Socialism Revised and Modernized: The Case for Pragmatic Market Socialism

By James A. Yunker | Go to book overview

7
PEOPLE'S CAPITALISM

A. INTRODUCNON AND OVERVIEW

The people's capitalism thesis in effect asserts the irrelevance of the traditional socialist complaint against capitalism that capital property income is unearned by its human recipients, the capital owners. This complaint is irrelevant, according to the people's capitalism argument, because the distribution of capital wealth (and hence of the capital property income which capital wealth produces)--when properly understood--is not in fact all that unequal. If this were true, then it would not matter that capital property income is not a return to capital management effort in the form either of corporate supervision or investment analysis, that it is not a return to the abstinence and other sacrifices of saving, that it is not a return to risk-taking, entrepreneurship, investment, innovation, discovery, and so on. It would not matter because everyone--or almost everyone--would already be receiving their fair share of capital property income (just as promised by socialism), and therefore no one--or almost no one--would be in a position to complain about possible injustice and inequity under capitalism.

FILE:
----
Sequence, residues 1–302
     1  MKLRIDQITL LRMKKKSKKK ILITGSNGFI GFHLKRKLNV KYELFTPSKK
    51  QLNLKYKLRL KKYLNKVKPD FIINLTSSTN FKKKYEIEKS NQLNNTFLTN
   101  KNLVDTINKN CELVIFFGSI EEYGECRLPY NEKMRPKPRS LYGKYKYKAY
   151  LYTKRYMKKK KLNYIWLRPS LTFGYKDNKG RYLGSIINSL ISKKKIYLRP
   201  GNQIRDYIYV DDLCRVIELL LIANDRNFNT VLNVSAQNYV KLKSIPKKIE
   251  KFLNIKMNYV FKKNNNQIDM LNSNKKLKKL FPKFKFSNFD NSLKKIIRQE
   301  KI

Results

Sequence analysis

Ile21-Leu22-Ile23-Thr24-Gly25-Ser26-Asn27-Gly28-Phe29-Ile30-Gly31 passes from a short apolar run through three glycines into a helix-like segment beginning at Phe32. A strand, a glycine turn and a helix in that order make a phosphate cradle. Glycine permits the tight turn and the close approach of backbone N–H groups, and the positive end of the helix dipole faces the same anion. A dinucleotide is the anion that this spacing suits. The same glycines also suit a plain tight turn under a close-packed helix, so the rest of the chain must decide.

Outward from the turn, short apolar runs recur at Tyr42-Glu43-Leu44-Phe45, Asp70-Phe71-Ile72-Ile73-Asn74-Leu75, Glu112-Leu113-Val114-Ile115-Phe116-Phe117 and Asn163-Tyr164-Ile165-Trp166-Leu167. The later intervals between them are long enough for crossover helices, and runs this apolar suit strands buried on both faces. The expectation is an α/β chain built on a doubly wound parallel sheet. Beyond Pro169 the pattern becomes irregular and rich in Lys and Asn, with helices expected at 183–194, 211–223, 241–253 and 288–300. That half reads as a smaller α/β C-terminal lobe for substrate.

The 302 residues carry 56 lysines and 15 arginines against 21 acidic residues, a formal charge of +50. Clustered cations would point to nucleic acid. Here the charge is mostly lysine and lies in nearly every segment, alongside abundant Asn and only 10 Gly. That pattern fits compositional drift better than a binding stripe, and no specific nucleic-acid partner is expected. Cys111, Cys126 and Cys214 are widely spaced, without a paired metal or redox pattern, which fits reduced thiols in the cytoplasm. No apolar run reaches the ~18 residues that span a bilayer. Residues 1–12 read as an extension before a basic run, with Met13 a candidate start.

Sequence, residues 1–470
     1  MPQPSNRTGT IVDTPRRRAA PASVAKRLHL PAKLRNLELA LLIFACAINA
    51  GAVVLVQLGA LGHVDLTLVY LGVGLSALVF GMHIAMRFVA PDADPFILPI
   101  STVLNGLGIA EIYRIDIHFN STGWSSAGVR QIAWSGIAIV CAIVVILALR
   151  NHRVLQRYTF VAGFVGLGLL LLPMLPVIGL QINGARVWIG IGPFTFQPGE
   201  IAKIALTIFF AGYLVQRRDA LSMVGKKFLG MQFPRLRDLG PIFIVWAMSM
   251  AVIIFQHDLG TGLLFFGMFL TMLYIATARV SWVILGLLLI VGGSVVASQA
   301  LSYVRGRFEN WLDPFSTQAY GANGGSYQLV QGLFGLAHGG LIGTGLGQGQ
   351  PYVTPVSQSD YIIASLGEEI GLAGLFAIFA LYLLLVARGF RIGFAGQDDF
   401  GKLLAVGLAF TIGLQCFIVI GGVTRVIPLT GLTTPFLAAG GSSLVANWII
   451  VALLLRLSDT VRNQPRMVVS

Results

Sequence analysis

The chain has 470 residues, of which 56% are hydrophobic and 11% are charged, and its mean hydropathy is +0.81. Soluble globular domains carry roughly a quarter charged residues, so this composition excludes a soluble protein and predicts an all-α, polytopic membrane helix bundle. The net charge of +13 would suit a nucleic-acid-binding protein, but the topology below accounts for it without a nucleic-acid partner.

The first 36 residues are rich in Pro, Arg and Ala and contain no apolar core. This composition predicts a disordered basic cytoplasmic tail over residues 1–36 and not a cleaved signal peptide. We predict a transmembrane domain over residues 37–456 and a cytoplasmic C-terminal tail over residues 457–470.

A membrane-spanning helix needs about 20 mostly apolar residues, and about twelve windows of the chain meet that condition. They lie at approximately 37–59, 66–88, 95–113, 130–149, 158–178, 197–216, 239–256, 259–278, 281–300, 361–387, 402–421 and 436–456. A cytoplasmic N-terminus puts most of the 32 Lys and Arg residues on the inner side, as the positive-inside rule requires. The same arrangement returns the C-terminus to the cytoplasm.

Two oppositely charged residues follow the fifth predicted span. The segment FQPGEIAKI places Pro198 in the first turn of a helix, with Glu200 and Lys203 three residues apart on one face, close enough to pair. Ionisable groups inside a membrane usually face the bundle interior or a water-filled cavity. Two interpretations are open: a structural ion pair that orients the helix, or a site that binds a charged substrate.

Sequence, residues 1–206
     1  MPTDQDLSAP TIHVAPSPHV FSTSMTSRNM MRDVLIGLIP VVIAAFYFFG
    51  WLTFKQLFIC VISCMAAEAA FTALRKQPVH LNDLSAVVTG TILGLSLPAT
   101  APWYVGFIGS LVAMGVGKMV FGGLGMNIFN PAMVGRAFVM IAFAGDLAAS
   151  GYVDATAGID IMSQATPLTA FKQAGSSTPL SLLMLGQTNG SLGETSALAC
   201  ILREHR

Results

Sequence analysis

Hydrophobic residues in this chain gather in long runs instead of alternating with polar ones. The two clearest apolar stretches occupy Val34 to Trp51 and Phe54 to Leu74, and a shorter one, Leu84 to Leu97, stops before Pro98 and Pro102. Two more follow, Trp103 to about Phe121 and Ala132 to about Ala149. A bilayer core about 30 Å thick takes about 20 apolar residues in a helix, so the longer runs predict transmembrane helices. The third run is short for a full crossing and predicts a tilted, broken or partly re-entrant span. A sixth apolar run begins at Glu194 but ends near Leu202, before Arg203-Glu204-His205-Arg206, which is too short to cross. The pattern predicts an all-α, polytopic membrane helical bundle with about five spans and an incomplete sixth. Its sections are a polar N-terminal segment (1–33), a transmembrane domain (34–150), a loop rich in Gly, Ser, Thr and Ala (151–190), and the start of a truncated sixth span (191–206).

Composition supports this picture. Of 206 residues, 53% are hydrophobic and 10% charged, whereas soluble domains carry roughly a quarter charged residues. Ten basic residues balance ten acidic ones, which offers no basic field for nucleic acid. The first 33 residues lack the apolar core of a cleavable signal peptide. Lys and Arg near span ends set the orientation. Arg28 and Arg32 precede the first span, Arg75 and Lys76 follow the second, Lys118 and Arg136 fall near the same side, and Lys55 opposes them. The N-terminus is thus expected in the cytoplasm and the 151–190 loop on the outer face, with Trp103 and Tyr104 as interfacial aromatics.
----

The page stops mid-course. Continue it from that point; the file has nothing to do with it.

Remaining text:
The overall people's capitalism thesis may be subdivided into three major components: (1) the distribution of current capital wealth is not excessively unequal; (2) the distribution of lifetime capital wealth is not excessively unequal; (3) the distribution of expected lifetime capital wealth is not excessively unequal. The three components endeavor to convey the following respective messages to the subject: (1) "you are already a capitalist"; (2) "you will become a capitalist as you advance in years"; (3) "you will probably become a capitalist at some point in the future." Clearly there are some individuals in society to whom these messages properly apply--the question is to what percentage of the population. The argument of this chapter is that except to the tiny minority of existing capitalists and their direct heirs, these messages do not properly apply. In fact, these messages attempt to create in the subject the delusion that he or she has a significant

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Socialism Revised and Modernized: The Case for Pragmatic Market Socialism
Table of contents

Table of contents

  • Title Page iii
  • Contents vii
  • Title Page ix
  • Preface xi
  • 1 - A New Perspective on Socialism 1
  • 2 - The Pragmatic Market Socialist Proposal 29
  • Notes 58
  • 3 - Pragmatic Market Socialism: Pro and Con 67
  • Notes 92
  • 4 97
  • Notes 140
  • 6 - Investment, Growth, and Entrepreneurship 175
  • Notes 199
  • 7 - People's Capitalism 205
  • Notes 234
  • 8 - Capitalism and Democracy 241
  • Notes 257
  • 9 - Capitalism and History 259
  • Notes 273
  • 10 - Prospects for Change? 277
  • ANALYTICAL APPENDIX 291
  • References 307
  • SUBJECT INDEX 325
  • NAME INDEX 333
  • About the Author 338
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